Ms. Pretty Rickey The Street Sweeper by Bryneen Gary

Book Summary:

Ms. Pretty Rickey: The Street Sweeper is a Force to Be Reckoned with, Infamous Poetry about Chief Officials, Freedom from War, Dirty Money, Narcotics Anonymous, World Affairs and Domestic Crimes. A Whisper of Sweet nothings, Fresh delights of Lasting Love in the mist of Terror’s Electronic Harassment and constant tracking through Satellite. Sweeping the Streets slowly through this short Poetic Book of Awareness

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Resistance, Revolution and Other Love Stories by K. contains a series of short stories bound together by the theme of love during times of trouble. This anthology of stories is incredibly diverse and unique. K. soars above other authors with their sense of language, almost lyrically describing events in an abstractly beautiful way.

However, the prose is often so incredibly poetic that it was difficult for me to figure out what was actually happening. For instance, I had to read “Radius” multiple times in order to figure out what was going on with Mustapha’s brother, and I’m still not entirely sure I understood. There are so many abstract images painted to describe the story that are simultaneously poignant and senseless. During the portion describing Mustapha’s brother, I found myself squinting as if I were trying to decipher a Jackson Pollock painting. I knew it was beautiful, but I wasn’t sure exactly what it was.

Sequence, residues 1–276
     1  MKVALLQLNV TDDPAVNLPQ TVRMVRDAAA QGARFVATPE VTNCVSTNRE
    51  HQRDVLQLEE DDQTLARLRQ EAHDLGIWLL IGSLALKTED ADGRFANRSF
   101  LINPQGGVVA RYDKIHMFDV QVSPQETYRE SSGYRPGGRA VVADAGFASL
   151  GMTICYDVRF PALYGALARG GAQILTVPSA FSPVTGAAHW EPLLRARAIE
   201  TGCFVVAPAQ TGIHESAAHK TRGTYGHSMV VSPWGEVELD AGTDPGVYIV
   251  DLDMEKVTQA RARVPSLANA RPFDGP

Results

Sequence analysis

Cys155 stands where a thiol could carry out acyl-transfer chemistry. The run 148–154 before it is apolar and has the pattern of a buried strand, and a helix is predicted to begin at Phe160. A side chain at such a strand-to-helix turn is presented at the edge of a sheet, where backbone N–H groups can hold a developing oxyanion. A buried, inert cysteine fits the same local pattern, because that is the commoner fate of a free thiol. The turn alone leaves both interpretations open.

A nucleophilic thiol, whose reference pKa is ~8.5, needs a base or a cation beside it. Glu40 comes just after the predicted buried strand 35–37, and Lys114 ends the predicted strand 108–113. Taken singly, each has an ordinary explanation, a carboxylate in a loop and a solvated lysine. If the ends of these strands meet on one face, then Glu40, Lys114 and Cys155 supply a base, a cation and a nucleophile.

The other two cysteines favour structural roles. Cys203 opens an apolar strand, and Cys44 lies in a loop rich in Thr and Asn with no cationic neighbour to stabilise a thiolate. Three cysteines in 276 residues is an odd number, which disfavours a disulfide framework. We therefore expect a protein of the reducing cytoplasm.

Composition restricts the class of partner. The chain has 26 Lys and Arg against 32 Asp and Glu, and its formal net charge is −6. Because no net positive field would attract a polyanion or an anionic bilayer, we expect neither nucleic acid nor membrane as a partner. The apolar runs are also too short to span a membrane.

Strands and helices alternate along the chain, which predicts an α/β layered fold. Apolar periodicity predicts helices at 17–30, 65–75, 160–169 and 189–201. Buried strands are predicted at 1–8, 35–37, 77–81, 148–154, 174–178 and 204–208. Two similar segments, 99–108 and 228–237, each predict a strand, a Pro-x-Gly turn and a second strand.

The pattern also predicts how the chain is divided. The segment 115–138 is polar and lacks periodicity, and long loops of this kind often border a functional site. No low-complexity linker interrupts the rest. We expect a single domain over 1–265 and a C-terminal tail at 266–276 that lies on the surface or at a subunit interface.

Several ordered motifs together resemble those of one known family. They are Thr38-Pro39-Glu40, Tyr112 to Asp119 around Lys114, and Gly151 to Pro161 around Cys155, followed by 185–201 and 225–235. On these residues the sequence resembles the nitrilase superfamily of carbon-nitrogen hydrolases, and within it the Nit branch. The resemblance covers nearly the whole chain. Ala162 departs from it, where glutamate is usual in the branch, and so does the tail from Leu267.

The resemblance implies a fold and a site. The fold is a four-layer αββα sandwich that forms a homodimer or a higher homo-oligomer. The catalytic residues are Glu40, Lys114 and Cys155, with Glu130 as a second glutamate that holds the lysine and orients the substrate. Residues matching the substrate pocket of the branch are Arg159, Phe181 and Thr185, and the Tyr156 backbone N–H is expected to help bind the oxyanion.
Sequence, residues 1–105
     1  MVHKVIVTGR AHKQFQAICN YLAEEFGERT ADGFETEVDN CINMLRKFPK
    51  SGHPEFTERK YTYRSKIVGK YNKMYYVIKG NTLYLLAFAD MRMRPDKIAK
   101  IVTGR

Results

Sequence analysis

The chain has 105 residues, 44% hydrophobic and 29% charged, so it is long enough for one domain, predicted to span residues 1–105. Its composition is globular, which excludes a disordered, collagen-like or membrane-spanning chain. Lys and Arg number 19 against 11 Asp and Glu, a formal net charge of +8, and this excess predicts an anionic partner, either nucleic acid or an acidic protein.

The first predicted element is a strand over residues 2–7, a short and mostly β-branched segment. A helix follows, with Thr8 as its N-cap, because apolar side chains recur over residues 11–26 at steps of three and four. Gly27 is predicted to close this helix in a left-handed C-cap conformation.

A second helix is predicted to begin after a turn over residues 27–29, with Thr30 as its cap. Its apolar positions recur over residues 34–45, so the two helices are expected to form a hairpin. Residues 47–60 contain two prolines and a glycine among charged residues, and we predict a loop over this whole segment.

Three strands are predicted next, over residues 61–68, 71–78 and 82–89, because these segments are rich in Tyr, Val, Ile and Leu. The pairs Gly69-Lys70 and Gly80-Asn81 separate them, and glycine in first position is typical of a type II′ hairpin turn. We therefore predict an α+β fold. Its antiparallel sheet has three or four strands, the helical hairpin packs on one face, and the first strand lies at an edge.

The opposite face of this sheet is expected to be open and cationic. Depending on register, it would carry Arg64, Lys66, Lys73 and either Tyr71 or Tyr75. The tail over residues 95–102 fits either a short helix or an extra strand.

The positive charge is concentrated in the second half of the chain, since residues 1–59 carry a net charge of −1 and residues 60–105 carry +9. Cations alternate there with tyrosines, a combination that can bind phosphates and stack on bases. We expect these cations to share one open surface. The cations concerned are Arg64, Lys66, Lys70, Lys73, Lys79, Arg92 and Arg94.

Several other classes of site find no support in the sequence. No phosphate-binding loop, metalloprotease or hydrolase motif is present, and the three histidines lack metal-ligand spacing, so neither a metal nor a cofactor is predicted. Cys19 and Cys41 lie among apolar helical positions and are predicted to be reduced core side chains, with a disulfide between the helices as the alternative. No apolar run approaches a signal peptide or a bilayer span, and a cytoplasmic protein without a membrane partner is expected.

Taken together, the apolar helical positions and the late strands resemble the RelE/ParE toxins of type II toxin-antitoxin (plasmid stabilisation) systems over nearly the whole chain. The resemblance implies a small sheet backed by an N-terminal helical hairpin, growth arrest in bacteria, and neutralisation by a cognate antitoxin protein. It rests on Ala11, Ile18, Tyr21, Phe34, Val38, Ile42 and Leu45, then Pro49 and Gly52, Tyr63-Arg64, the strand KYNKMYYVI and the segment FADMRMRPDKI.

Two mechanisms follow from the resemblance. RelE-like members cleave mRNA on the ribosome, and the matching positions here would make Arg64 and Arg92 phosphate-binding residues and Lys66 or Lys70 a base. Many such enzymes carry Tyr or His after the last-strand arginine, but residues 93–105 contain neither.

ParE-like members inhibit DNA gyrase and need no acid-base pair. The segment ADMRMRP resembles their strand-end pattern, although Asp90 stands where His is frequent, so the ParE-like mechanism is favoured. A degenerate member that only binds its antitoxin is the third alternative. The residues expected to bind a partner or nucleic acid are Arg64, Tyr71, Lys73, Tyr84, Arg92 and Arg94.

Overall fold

Then it’s almost as if a different person picks up the pen to write “Calamity Jane,” wherein a teenage boy is exploring love and sexuality and the seemingly wanton need to tear down all women around him. It wasn’t a story that particularly resonated with me as a reader, mostly due to the amount of denigration focused on teenage girls throughout. The focus is on Jane, in particular, but also on any young girl who happens to wear yoga pants, who is thought of as an object in this young boy’s eyes. He constantly refers to them as “bitches,” and yet, he also constantly notes that they make his genitals “tingle.” If that made you cringe, perhaps skip this particular story. It strikes an ugly chord against the rest of the incredibly beautiful short stories.